In 2019, there were 10 new biosimilar products approved by the FDA, which followed seven approvals in 2018, five in 2017, three in 2016, and the inaugural approved biosimilar in 2015.
The biosimilars approved last year include treatments for rheumatoid arthritis, plaque psoriasis, breast cancer, metastatic stomach cancer, metastatic colorectal cancer, nonsquamous non-small cell lung cancer, glioblastoma, metastatic renal cell carcinoma, cervical cancer, B-cell non-Hodgkin’s lymphoma, chronic lymphocytic leukemia, granulomatosis with polyangiitis, and microscopic polyangiitis.
The biosimilar approvals “will further help to create competition, increase patient access, and potentially reduce the cost of important biological drug therapies,” the FDA said.
While the numbers have gone up each year, many in the healthcare industry believe it’s still slow, and as of May 1, there have been no new biosimilar products approved for 2020—though the COVID-19 pandemic obviously has played a role there.
Patti Seymour, MBA, CSCP, managing director in BDO’s BioProcess Technology Group, explains clear regulatory and intellectual property (IP) guidance are both key to providing a well-defined path to approval of biosimilar products in the U.S., or anywhere.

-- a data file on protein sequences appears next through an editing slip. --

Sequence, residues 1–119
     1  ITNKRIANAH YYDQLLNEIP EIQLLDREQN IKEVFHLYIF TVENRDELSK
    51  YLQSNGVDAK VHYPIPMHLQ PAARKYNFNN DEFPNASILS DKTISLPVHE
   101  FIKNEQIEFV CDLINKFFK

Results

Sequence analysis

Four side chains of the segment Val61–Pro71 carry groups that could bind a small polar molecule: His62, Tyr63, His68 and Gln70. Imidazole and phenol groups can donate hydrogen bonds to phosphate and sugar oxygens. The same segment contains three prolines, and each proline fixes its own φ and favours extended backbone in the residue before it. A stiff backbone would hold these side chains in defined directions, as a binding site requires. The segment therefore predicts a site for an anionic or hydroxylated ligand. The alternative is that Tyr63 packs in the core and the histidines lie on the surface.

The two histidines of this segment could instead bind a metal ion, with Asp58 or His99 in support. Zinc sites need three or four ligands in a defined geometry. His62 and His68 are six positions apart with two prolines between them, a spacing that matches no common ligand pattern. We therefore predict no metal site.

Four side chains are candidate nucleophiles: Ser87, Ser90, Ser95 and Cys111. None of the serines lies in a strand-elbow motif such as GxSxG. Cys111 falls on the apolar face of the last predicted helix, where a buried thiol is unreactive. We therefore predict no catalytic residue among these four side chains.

“This allows product developers to more accurately estimate their costs and reduce the uncertainty associated with development of these products,” she says. “Both the FDA and the European Medicines Agency (EMA) have done a good job providing clear regulatory guidance for biosimilars, and both have traditionally been willing to meet with developers to provide feedback on plans.”
Conversely, the IP landscape and process for issue resolution for biosimilars is far less clear than it is for generic small molecule therapeutics. Manufacturers often put many patents on biologic. Seymour notes this increases uncertainty and perceived risk and ultimately reduces the number of groups willing to invest in biosimilar development in the U.S.
“Finally, obtaining innovator product samples to use as a comparator while developing biosimilars can be challenging and is another obstacle to biosimilar development,” she says.